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Meadors v. Carnival Corp.

United States District Court, S.D. Florida, Miami Division

August 30, 2017




         In “All the Young Punks, ” the Clash, an English band which first gained fame in the 1970s as part of the British punk rock movement, musically discussed the reality that “a contract is a contract.”[1" name="FN1" id="FN1">1] In this case, however, a theme directly contrary to those lyrics is at issue in the motion to dismiss: what is not in the contract cannot be the basis of a breach of contract claim.

         Defendant Carnival Corporation moves to dismiss Count II of this two-count personal injury lawsuit for failure to state a claim for breach of contract. [ECF No. 10, pp. 7-12]. Carnival answered Count I (for negligence), however, and also asserted affirmative defenses to the negligence count. [ECF No. 10, pp. 1-6]. Plaintiff Evelyn Meadors filed a response and Carnival filed a reply. [ECF Nos. 13');">13');">13');">13; 15].

         The lawsuit concerns an injury Meadors allegedly sustained when she was a passenger aboard a Carnival cruise ship named the Carnival Conquest. At bottom, Meadors alleges that a male crew member directed her, her husband, and another couple through a door where they walked up a flight of non-carpeted stairs. She says that she slipped and fell on a foreign substance after climbing one flight of the metal stairs. She also contends that the foreign substance was not open and obvious when she slipped on it, on the landing between the third and fourth decks. She further alleges that she later learned that the crewmember had directed her to enter a door marked “Crew Only.”

         For the reasons outlined below, the Court grants Carnival's motion to dismiss Meadors' breach of contract claim (Count II). This dismissal is without prejudice and technically gives Meadors leave to file an amended complaint if she wishes to pursue the now-dismissed breach of contract claim. But it seems highly unlikely that Meadors will be able to successfully do that because the contract does not contain the language she thinks it contains.

         Factual Background[2] and Procedural History

         Meadors was a fare-paying passenger on the Carnival Conquest. She boarded the vessel on November 28, 2016, at Port Everglades, Florida, where she and the other passengers were leaving for an eight-day cruise to the Caribbean. Approximately three hours after boarding the vessel, Meadors slipped on a landing.

         A Carnival crewmember took her by wheelchair to the vessel's medical ward, where she received medical treatment. She was released to her cabin later that night. She required additional medical treatment after the cruise returned to Port Everglades. As of the time the lawsuit was filed in November 2016, Meadors continued to receive medical treatment.

         Count I of her Complaint is for negligence. Count II is for breach of contract. Meadors did not attach the ticket contract to her complaint. Count II alleged that the “written contract of carriage” required Carnival to “transport the Plaintiff during the cruise in a safe manner and return her safely to the port of origin.” [ECF No. 1, ¶ 35]. It also alleged that the written contract provided her with “safe passage on a Vessel in which the common areas of the Vessel and all other areas of the Vessel which employees of the Defendant directed its passengers to use were maintained in a reasonably safe condition.” [ECF No. 1, ¶ 36].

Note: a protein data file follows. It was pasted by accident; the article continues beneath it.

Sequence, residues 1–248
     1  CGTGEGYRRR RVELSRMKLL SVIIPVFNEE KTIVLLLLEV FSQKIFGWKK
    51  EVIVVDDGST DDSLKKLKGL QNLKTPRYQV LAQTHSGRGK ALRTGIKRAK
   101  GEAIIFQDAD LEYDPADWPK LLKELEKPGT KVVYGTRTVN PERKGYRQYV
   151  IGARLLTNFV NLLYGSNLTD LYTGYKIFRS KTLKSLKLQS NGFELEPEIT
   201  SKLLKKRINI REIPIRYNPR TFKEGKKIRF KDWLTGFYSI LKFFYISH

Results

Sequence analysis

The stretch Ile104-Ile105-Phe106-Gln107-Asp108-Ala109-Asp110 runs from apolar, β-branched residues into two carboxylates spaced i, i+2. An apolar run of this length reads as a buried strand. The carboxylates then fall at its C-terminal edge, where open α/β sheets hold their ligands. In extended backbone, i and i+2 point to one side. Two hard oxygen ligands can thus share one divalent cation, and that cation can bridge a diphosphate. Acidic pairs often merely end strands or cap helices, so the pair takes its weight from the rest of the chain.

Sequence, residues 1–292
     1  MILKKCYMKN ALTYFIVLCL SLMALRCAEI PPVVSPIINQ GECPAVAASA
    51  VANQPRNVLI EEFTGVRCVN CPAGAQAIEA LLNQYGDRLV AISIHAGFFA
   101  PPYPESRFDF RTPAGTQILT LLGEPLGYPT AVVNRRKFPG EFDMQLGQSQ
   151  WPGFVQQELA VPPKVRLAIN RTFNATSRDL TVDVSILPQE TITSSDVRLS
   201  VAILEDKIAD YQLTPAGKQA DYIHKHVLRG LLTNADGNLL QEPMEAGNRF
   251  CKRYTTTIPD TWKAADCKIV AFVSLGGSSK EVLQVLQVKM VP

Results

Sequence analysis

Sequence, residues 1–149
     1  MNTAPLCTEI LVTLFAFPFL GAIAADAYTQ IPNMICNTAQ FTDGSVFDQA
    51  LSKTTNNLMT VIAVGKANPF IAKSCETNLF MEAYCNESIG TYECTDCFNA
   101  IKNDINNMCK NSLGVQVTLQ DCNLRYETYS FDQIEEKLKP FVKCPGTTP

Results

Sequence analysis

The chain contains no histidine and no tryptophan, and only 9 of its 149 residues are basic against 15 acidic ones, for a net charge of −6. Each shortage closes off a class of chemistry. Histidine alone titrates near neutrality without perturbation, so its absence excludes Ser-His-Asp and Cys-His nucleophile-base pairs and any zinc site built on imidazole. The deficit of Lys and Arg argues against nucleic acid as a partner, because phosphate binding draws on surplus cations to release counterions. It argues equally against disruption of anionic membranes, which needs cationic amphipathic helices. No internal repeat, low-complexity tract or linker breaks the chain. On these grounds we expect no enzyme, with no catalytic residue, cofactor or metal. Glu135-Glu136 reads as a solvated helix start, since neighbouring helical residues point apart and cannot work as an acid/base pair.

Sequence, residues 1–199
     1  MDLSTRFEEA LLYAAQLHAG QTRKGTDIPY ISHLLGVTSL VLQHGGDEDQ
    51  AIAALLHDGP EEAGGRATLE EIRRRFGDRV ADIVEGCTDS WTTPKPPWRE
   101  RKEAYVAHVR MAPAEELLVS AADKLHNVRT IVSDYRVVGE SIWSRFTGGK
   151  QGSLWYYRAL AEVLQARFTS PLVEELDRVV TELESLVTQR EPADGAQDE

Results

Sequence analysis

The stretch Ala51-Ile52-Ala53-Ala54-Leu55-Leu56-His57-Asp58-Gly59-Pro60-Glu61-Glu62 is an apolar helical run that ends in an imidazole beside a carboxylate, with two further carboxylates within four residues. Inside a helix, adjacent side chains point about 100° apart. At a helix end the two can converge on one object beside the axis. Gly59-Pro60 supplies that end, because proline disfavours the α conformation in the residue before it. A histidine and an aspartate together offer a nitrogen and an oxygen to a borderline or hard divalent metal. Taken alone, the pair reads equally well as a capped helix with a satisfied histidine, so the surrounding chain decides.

Carnival's motion to dismiss Count II was initially based on two grounds: (1) the lawsuit is time-barred because it was filed after the contractual deadline, and (2) there is no express or implied contract guaranteeing safe passage to Meadors. But in its reply, Carnival effectively abandoned the first argument by failing to address it. Therefore, this Order will address only the second argument, which the Court finds dispositive anyways.

         Carnival's motion explained that Meadors did not attach to her Complaint a copy of the passenger ticket contract. Therefore, Carnival attached a copy of a sample passenger ticket contract containing the identical terms contained in Meadors' original passenger ticket contract. Carnival's motion also explained that Meadors and her counsel have actual knowledge of the terms of the passenger ticket contract because it was cited in the Complaint. Carnival also attached a cruise ticket contract acceptance report, showing that Meadors accepted the ticket contract on November 9, 2015 at 3:01 p.m. [ECF No. 10-3], and Meadors does not in any way challenge that.

         In her response, Meadors accepts for purposes of the dismissal motion that the exemplar passenger ticket Carnival attached to its motion contains “identical terms” to those in her original passenger ticket contract. [ECF No. 13');">13');">13');">13, p. 2');">p. 2]

         Significantly, Meadors' response does not pinpoint any language from the contact in which Carnival guaranteed her safe passage or to transport her in a safe manner. Indeed, it does not cite any specific contract language. Instead, the response argues, in a conclusory way, that her complaint “pleads all of the necessary elements to maintain a cause of action for Breach of Contract.” [ECF No. 13');">13');">13');">13, p. 7].

         Applicable ...

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